Constitution protects rights as a believer, nonbeliever

Published 10:02 am Saturday, September 4, 2010

To the Editor:

Two weeks ago, the Democrat challenger for the 4th Congressional District seat in the U.S. House of Representatives, Dr. Wynne Legrow of Emporia, revealed in a blog posting on the website that he is an atheist, having no faith in a divine being.

In his posting, Dr. Legrow correctly defends his right as a nonbeliever to represent the 4th District by quoting Article VI of the U.S. Constitution, which states that “No religious test shall ever be required as a qualification to any office or public trust under the United States.”

In simplest terms, Article VI provides that no profession of faith be required to qualify for federal employment, either elected or appointed. It is an important part of the Constitution, one that protects the freedom we enjoy to practice our own individual religious beliefs — or have no religious beliefs whatsoever.

However, Article VI does not prohibit voters from taking into account a candidate’s religious beliefs. As Dr. Legrow has the right to seek election to the House of Representatives as a nonbeliever, as a voter I have the right to select the candidate that most closely matches my own personal beliefs, be they political, economic or religious ones.

It also does not prohibit an elected official from professing their own religious beliefs-or from using those beliefs as the moral compass by which they legislate. The First Amendment to the Constitution, which states that “Congress shall make no law respecting an establishment of religion, or prohibiting the free exercise thereof,” protects an elected official’s right to do just that.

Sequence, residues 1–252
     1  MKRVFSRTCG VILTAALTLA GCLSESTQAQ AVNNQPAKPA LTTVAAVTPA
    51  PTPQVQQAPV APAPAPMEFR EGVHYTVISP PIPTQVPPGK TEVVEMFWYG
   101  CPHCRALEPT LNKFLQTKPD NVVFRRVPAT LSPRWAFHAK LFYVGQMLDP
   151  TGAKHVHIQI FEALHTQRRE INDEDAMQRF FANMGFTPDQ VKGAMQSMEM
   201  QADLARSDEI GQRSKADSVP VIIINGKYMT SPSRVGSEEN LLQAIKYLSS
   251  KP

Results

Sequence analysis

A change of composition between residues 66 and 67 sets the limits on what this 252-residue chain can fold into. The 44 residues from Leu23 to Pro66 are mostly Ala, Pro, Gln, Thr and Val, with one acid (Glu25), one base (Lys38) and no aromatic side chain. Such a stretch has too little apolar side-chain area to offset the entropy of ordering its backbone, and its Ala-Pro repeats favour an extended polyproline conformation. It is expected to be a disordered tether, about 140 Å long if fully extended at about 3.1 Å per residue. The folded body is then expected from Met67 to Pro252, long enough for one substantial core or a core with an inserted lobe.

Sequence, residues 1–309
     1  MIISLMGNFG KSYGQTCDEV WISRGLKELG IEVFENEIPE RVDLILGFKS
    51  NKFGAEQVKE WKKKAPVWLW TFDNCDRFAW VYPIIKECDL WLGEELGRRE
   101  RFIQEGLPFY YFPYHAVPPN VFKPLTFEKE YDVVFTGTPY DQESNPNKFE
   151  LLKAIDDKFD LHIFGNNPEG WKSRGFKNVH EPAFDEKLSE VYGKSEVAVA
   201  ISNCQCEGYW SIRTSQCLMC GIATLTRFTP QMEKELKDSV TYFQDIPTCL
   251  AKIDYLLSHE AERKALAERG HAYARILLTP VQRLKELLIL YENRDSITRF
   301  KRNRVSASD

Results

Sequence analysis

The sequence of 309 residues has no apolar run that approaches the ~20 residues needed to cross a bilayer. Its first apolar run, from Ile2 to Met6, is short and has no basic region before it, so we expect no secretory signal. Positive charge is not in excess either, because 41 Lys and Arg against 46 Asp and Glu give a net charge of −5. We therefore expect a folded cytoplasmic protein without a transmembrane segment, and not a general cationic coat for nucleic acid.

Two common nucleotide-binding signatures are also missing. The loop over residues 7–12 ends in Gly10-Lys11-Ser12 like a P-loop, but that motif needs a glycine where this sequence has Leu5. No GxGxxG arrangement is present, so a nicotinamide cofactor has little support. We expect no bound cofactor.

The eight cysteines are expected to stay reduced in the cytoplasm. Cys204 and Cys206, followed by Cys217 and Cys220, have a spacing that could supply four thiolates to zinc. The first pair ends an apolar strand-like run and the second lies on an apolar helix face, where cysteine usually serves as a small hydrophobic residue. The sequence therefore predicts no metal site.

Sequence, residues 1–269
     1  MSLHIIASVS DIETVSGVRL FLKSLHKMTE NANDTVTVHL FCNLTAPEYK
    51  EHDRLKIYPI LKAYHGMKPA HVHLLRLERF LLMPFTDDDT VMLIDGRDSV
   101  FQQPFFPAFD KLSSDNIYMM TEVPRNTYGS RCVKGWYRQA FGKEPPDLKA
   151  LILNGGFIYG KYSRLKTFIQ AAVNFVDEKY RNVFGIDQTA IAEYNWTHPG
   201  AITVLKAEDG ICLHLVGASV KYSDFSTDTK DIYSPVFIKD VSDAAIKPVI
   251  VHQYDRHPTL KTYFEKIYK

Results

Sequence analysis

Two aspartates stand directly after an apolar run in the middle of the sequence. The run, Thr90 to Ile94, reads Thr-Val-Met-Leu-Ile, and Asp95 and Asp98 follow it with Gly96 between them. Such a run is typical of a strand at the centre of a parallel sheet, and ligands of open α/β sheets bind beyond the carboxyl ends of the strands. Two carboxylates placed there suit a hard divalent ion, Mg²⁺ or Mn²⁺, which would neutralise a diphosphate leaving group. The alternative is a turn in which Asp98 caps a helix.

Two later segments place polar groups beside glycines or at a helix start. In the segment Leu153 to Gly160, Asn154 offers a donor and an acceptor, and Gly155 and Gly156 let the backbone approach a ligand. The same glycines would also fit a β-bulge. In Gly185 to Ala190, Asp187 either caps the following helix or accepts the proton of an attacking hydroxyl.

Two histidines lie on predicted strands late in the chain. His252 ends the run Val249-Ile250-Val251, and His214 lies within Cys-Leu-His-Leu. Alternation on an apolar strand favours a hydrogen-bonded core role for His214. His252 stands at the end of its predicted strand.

The First Amendment also provides vague reference to what many call the required “separation of church and state.” The federal government mandating that you worship God would be a violation of the Constitution. A congressman professing his own faith in God, and declaring that he legislates based on his or her understanding of God’s principles, would not.

In his post, Dr. Legrow critically points out that U.S. Rep. Forbes (Va.-4th) founded the Congressional Prayer Caucus and led the charge to have our national motto “In God We Trust” engraved in the new Capitol Visitor’s Center.

If we have a national motto, should it not be included in a visitors center at the nation’s Capitol? As an American citizen, does Randy Forbes not have the right to join with like-minded colleagues to pray for divine guidance?

If elected, Dr. Legrow would have to vow to uphold and defend the Constitution of the United States. The same constitution that protects Dr. Legrow’s right to run for office as a nonbeliever also protects Mr. Forbes’ right to hold office as a believer, and my right to vote for whichever I choose.

Tony Clark